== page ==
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Professor David Cohen Discusses Options for Fighting Trump’s Inauguration on MSNBC

David Cohen appears on MSNBC's All In program with Slate editor Dahlia Lithwick in 2016 Chris Hayes, Dahlia Lithwick and David S. Cohen

December 16, 2016

Democrats should urge electors to do their patriotic duty and vote against Donald Trump when the Electoral College convenes on Dec. 19, Professor David S. Cohen said during an appearance on MSNBC on Dec. 15.

“When the founding fathers created the Electoral College, they put it in place as a failsafe against a demagogue like Donald Trump,” Cohen said on the All In program hosted by Chris Hayes. “And so the electors could be doing their patriotic duty on Monday by voting against Trump and we could have the Democratic Party leaders out there urging them to do so, but they’ve been silent.”

Cohen’s appearance came on the heels of the New York Times op-ed that he co-authored with Slate senior editor Dahlia Lithwick on Dec. 14, which argued that Democrats should fight for the presidency as if they were Republicans.  The op-ed lit up the Internet over the course of the week.  

Varied legal arguments could be made regarding the presidential election outcome, Cohen said, such as challenging the constitutionality of winner-take-all rules in the electoral college.

“We wouldn’t be making this argument if Mitt Romney had won in 2012 or John McCain had won in 2008,” Cohen said. “This is a particular threat to our democracy. Right now, Democrats are engaged in a game where Republicans are engaged in a war and it’s not a symmetrical battle. They’re against all norms, they’re against all basic precepts of good government and the Democrats are trying to shake their hand and compromise.”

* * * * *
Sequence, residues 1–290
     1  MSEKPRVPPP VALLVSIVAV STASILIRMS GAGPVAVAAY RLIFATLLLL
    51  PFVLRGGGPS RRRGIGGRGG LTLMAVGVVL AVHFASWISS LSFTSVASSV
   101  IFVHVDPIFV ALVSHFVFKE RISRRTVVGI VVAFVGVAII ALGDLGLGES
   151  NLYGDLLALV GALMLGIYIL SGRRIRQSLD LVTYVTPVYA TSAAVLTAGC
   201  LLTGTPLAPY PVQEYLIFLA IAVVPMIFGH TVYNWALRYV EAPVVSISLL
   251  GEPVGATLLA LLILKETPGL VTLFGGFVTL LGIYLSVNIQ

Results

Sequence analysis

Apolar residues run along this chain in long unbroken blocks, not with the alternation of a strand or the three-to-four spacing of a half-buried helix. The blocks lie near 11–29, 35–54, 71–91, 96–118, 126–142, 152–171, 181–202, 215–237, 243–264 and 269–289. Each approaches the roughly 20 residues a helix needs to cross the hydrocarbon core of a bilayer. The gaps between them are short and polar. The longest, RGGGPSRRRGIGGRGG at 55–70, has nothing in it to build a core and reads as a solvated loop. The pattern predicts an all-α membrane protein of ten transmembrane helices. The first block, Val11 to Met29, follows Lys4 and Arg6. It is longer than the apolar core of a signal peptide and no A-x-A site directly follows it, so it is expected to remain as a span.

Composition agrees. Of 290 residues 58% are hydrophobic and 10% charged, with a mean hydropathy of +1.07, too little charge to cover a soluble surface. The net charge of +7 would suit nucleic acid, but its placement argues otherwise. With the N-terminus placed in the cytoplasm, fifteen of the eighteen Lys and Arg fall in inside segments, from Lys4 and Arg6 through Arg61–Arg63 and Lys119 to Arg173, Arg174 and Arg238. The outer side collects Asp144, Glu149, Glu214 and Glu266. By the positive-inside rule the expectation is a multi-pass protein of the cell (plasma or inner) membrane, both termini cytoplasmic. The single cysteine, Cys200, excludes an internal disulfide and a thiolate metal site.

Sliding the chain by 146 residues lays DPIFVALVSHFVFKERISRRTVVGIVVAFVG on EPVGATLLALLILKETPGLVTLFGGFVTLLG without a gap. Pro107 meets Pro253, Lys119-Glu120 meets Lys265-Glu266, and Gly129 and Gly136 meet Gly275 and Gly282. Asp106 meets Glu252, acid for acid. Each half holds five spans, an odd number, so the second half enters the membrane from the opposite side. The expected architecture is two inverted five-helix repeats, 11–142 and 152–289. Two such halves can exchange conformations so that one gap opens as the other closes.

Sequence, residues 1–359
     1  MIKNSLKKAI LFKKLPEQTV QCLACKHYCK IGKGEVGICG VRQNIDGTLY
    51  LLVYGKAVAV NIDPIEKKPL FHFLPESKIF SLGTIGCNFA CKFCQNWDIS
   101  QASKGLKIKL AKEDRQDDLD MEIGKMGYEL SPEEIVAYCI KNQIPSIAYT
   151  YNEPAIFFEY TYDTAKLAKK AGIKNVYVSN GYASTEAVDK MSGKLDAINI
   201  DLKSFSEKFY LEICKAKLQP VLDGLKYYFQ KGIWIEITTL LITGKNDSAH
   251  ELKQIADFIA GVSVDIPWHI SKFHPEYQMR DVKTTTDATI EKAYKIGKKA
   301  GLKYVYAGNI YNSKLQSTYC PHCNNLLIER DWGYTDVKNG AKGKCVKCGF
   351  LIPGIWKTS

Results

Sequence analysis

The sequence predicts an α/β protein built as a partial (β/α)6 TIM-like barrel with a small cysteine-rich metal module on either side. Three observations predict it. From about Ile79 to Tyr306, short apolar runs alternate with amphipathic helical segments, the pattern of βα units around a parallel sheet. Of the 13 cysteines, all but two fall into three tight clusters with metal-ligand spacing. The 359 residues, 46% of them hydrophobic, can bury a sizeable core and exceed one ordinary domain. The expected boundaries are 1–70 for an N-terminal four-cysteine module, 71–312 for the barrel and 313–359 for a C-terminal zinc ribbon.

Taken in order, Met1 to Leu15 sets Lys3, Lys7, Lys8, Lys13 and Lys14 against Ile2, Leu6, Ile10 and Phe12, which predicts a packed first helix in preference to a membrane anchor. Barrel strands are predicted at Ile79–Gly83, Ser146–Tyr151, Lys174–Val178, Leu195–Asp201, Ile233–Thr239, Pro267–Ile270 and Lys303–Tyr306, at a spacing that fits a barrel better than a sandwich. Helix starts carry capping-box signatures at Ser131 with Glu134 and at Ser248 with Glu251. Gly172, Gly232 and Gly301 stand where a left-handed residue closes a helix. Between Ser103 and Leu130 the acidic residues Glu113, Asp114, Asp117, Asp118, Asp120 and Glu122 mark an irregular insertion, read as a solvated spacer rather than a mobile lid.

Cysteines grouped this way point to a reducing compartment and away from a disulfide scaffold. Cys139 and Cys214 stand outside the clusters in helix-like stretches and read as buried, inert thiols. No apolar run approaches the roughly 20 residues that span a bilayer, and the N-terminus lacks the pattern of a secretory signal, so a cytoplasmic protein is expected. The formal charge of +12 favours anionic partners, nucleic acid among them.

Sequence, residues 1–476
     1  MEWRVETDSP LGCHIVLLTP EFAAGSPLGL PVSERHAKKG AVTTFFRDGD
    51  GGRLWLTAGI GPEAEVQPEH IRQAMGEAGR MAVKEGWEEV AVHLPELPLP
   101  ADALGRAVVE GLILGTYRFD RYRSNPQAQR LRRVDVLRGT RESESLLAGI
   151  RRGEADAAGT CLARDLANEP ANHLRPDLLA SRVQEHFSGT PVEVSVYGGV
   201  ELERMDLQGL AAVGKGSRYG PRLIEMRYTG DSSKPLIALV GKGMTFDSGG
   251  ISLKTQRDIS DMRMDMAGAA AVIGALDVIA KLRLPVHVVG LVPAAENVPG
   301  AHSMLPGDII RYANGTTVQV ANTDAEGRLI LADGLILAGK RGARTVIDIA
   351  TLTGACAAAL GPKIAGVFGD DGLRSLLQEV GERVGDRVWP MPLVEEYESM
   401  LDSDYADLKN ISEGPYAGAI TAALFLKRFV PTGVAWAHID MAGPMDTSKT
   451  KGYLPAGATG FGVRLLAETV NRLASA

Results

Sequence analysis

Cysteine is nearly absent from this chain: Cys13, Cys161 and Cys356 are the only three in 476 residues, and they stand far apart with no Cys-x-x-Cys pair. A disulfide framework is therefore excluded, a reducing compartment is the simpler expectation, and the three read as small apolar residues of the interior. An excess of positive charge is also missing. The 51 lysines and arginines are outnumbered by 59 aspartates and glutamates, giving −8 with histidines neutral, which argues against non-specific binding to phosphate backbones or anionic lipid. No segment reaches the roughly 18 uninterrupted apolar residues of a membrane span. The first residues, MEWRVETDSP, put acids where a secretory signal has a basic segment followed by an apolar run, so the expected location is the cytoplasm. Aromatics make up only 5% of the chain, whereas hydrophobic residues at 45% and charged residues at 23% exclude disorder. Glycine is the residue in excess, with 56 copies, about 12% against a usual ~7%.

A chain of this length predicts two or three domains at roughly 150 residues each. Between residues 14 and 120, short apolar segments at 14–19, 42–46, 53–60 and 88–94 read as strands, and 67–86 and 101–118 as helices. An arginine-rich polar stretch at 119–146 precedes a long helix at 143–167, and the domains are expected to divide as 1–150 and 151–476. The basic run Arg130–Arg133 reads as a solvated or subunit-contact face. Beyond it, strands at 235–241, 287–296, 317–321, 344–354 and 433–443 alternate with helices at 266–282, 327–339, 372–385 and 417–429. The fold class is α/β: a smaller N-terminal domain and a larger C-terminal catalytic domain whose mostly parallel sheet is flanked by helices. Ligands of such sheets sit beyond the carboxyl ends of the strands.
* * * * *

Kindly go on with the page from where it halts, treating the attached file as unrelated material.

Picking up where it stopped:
Lithwick, also appearing on the program, said Republicans have successfully engaged in legal contortions to block the appointment of President Obama’s Supreme Court nominee Merrick Garland and achieve other aims.

“We have seen some of the strangest, most off-the-wall legal theories coughed up like a hairball to challenge Obamacare,” Lithwick said. “These do sometimes prevail.” 

Cohen agreed that Republicans have employed “wacky” legal arguments to powerful effect.

“Back in 2000, the theory that the Supreme Court adopted to anoint George Bush the president, no one ever thought that was going to win,” Cohen said. “The Supreme Court itself said you can’t use this again, because it’s so preposterous.”